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Germany's Recycled Stasi Jails Evoke Cold-War Memories

Jens Leck looks down the hall of the abandoned prison and his eyes widen. "Look," he says to his sister, Sigrd Weber, "the red lamps are still here."

It is Mr. Leck's first visit since the 1990 German reunification to the prison in the Hohenschnhausen section of Berlin, once used by the Stasi, or Ministry for State Security, to hold political prisoners awaiting trial in the former East Germany.

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For Leck and Ms. Weber, who were both arrested by the Stasi in 1978 for spying, the lamps are a symbol of the isolation and psychological torture prisoners endured. What they remember most was the stillness and quiet.

"It made you crazy," Leck says. Today, the halls are empty, paint is peeling off the walls, papers and other materials lie scattered on the floor. Hohenschnhausen prison is preserved as a historic site. Most of the more than 200 other former Stasi prisons and office buildings are now being used for other purposes.

One building in Berlin will soon serve as a women's prison, and the "Dance Factory" disco in Dresden occupies part of another. At a former Stasi complex in Berlin, the German rail company, Deutsche Bahn, some local government offices, and an array of newsstands, hair salons, and other businesses have moved in.

"Now, especially when you see a family with children walking around here, you don't think about what was here before," says Jrg Steinbock, who works at a newsstand in the former Stasi cafeteria.

"It was the past," agrees Corinna Garreis, who works at a pharmacy in the complex. "Now, we have other problems to worry about," such as Germany's 12.6 percent unemployment rate.

"Whether or not the Stasi building is now an office or a kindergarten, it is a good sign that the Stasi is over," says Jrg Drieselmann, director of a museum at the former Stasi headquarters in Berlin.

As is the case with other historic items, Stasi paraphernalia are collected by some in Germany and abroad. Passport stamps and cases belonging to Stasi border guards are sold at Berlin's flea market.

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Genuine items are expensive, Mr. Drieselmann says. A Stasi medal of commendation can cost upwards of $275, he says. Even then, he adds, the buyer might be only getting a reproduction.

Drieselmann, who was incarcerated at a Stasi prison for about two years, sees the Stasi legacy as a lesson: "It is in our interest [to see] what ways were used in the past to solve problems."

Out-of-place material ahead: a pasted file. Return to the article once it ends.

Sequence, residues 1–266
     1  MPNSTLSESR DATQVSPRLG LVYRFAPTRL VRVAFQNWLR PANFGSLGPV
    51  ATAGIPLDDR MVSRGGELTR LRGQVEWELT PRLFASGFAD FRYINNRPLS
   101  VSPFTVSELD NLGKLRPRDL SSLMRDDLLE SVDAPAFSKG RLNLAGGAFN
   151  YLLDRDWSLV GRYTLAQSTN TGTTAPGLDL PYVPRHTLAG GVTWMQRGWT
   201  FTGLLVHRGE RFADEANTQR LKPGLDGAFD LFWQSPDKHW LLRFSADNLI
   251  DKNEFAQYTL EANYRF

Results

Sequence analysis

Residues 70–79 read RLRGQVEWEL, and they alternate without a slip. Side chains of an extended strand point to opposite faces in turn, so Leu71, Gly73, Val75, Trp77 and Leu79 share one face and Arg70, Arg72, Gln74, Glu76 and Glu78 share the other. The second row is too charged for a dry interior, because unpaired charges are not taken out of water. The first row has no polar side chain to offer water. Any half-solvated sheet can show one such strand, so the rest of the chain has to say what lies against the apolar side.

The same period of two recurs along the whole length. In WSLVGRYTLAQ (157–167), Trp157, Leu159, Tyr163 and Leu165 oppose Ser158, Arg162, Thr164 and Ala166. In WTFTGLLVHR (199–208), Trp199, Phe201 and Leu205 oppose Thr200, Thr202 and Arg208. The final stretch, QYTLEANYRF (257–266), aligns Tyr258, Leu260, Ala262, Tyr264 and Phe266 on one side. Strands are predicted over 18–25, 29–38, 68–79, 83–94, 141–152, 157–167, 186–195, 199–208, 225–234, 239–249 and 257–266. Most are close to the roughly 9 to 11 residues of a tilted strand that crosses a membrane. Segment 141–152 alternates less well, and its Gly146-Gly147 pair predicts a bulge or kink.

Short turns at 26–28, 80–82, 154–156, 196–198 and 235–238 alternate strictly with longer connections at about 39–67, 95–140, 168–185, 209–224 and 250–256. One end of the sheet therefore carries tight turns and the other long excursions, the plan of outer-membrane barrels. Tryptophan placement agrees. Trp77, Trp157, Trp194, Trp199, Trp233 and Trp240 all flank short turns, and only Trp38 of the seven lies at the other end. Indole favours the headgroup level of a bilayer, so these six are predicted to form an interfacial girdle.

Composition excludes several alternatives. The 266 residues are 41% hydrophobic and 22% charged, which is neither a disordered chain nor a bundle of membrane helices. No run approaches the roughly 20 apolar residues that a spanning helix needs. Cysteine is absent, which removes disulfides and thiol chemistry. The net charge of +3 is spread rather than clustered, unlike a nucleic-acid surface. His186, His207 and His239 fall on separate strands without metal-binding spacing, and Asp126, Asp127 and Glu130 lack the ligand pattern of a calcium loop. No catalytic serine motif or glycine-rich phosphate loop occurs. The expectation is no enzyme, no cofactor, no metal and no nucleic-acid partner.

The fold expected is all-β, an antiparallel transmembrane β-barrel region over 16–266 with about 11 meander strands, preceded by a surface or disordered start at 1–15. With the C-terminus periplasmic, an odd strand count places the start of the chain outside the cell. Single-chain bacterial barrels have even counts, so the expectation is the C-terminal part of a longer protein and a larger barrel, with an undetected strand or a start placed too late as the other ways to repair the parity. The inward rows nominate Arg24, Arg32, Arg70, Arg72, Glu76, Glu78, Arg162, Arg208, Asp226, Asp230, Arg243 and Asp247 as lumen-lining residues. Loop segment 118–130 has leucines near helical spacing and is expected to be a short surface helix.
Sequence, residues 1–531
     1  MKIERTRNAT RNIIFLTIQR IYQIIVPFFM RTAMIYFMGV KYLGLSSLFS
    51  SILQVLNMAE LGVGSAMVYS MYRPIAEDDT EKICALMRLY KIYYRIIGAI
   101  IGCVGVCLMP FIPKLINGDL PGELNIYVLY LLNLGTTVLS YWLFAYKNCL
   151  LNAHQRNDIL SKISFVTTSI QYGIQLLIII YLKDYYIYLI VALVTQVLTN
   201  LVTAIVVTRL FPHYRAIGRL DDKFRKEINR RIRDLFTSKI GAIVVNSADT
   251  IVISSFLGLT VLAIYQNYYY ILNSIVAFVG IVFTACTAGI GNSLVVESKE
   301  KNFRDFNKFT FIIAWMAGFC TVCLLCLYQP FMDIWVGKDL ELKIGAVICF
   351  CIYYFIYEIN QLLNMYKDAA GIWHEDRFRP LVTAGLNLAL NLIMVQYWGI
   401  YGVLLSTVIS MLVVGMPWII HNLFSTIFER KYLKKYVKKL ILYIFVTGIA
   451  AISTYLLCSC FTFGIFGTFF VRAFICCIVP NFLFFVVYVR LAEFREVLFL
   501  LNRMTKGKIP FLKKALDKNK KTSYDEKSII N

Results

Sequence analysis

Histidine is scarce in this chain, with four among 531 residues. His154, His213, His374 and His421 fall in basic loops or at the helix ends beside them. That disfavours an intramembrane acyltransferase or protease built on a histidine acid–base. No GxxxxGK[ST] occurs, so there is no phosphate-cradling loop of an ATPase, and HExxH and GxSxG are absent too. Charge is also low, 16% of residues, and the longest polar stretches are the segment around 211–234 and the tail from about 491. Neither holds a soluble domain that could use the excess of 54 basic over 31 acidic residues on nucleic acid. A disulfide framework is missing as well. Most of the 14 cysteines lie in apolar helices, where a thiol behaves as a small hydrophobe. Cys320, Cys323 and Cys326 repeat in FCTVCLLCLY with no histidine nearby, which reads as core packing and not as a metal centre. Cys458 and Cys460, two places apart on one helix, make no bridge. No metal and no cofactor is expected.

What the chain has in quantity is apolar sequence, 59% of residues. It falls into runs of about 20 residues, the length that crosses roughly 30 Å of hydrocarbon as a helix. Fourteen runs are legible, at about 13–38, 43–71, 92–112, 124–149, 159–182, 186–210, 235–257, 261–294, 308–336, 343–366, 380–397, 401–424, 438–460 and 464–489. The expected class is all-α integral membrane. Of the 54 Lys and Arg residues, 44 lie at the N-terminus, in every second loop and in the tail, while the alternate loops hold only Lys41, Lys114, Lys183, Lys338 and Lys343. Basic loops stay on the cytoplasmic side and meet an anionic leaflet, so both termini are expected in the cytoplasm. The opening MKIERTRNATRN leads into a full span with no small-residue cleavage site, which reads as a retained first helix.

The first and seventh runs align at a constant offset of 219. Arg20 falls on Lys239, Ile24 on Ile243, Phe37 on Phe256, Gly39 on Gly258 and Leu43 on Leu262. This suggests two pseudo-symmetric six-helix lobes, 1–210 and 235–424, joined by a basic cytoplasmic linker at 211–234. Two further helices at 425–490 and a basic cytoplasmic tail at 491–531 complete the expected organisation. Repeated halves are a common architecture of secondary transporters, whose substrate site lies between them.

Steffen Leide, a museum guide, says visitors often ask about Stasi memorabilia. "Nowhere could you buy this," he says, taking a metal stamp off his key chain. The stamp was once used by Stasi officials to seal in wax a string across their office doors so they would know if anyone had gone in or out of the room.

Most former Stasi members and the citizens who served as their informants have now slipped into normal life. In 1989, there were about 89,000 Stasi and 170,000 informants in eastern Germany, according to the German government. Today, many former Stasi have been successful in real estate, as private security guards, even in selling insurance, says Mr. Leide, adding that the former main Stasi psychiatrist still practices in the building next to the museum.

Charly Rau, a tour guide at Hohenschnhausen who was imprisoned for 17 years in Stasi facilities, says every once in a while his heart will pound as he walks through the former prison. It did so especially one day when he recognized a former guard who had come for a tour.

"They like to come to see where they used to work," says Mr. Rau. The avid Rolling Stones fan was first arrested in 1968 when he ventured too close to the Berlin Wall to hear a concert by the band on the other side.

Today, Rau lives with constant reminders of his past. Erich Mielke, the infamous minister for state security from 1957 to 1989, lives in the same east Berlin neighborhood. One day Rau saw Mr. Mielke, now in his 90s, walking home. "I said, 'Put the water on, Mielke, I'll be up for coffee.' "

Rau says Mielke responded by shaking his walking stick in the air.

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